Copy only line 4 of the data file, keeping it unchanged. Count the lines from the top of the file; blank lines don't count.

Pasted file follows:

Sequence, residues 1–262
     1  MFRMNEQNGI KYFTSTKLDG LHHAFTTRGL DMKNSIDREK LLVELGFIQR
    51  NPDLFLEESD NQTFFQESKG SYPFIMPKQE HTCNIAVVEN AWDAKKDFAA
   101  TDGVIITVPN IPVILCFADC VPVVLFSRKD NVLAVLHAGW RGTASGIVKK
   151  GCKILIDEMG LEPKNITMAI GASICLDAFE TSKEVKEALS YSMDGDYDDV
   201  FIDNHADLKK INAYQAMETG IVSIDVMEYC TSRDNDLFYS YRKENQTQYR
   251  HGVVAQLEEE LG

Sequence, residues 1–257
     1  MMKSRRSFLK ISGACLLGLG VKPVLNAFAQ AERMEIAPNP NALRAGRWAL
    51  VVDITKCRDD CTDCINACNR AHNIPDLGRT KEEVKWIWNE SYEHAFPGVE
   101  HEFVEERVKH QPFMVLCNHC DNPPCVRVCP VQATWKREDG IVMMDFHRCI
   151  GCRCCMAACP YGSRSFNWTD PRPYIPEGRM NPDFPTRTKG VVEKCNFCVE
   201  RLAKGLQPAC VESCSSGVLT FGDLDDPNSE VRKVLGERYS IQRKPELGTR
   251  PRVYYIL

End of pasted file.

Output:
   101  TDGVIITVPN IPVILCFADC VPVVLFSRKD NVLAVLHAGW RGTASGIVKK